Manny, Sid, and Diego discover that the ice age is coming to an end, and join everybody for a journey to higher ground. On the trip, they discover that Manny, in fact, is not the last of the woolly mammoths.
Spoiled by their upbringing and unaware of what wildlife really is, four animals from the New York Central Zoo escape, unwittingly assisted by four absconding penguins, and find themselves in Madagascar.
The Dragon Warrior has to clash against the savage Tai Lung as China's fate hangs in the balance: However, the Dragon Warrior mantle is supposedly mistaken to be bestowed upon an obese panda who is a tyro in martial arts.
Back when the Earth was being overrun by glaciers, and animals were scurrying to save themselves from the upcoming Ice Age, a sloth named Sid, a woolly mammoth named Manny, and a saber-toothed tiger named Diego are forced to become unlikely heroes. The three reluctantly come together when they have to return a human child to its father while braving the deadly elements of the impending Ice Age. Written by
The drawings of characters during the end credit roll were all done by the children of the animators. The same is true of the picture that Sid draws of himself on a cave wall. Sid's drawing was done by 3 year old Will Shefelman, son of a story artist Dan Shefelman. The story artist working on the scene was having difficulty drawing like a 3 year old so he consulted an expert. See more »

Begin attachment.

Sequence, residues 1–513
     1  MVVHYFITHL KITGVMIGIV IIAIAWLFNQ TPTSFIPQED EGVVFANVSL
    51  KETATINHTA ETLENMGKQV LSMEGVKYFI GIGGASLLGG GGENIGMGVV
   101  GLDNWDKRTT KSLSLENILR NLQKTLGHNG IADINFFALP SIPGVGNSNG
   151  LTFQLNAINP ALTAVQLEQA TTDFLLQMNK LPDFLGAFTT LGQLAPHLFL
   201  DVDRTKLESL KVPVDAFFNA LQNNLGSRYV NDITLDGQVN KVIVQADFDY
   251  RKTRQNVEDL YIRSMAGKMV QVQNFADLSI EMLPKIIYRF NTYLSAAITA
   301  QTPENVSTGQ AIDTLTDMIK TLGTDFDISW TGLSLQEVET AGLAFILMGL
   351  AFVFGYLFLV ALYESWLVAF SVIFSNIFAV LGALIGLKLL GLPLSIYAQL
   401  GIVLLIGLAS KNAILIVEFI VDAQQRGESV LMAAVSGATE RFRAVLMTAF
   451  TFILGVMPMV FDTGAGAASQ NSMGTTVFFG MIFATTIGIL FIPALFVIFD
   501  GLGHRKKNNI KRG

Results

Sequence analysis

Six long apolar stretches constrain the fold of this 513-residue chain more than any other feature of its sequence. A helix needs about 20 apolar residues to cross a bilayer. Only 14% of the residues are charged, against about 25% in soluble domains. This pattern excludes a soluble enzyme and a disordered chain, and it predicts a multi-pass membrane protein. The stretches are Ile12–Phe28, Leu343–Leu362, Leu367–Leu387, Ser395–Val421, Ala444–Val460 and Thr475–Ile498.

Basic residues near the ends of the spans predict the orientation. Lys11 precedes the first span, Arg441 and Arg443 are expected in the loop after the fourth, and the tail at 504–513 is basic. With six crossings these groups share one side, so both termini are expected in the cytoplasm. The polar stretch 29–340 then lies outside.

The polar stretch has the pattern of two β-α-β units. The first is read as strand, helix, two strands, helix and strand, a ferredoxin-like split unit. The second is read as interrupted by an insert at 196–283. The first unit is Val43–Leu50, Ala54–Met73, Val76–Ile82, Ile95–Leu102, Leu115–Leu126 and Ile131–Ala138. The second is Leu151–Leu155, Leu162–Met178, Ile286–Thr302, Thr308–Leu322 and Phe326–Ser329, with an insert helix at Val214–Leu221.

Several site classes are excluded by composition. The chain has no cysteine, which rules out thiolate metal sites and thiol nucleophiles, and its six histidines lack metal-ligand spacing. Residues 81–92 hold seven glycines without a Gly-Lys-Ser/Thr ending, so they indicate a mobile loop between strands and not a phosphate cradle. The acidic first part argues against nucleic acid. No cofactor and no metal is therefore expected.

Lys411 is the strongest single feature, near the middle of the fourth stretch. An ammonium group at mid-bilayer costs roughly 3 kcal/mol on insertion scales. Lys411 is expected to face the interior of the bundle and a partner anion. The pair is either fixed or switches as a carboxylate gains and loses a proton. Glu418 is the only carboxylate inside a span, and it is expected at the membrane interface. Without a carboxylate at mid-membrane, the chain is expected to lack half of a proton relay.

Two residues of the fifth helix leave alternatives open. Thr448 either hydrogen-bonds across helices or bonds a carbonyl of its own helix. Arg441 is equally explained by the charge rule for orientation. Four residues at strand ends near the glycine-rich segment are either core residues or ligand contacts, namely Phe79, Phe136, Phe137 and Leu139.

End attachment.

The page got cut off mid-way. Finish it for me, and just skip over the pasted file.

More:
When Roshan is crying and they're trying to figure out why before the melon scene, Sid picks him up after the notion of BM is mentioned. When he says 'Why am I the poop checker?' he spreads his arms, and is no longer holding the baby. The camera wasn't on Manny long enough for Sid to put Roshan down. See more »
Just saw ICE AGE, a very funny and especially nice looking film. The story is simple but effective, the characters lovable and nicely fleshed out but what really shines is the digital set design.
More inspired by traditional animated movies than reality, the designs give you a really, really nice looking world in a astounding use of colour. Sometimes the touches of reality shine through (especially the water was impressive), but nonetheless, it's a fantasy-world based on reality. Including loads of vast landscapes especially helps to minimise the costs of rendering.
Pixar films shine with technical brilliance, this one shines with effective uses of technical know-how.
Enough technical babble, the film's entertaining, family-friendly and sometimes just hilariously funny.
29 of 38 people found this review helpful.
Was this review helpful to you?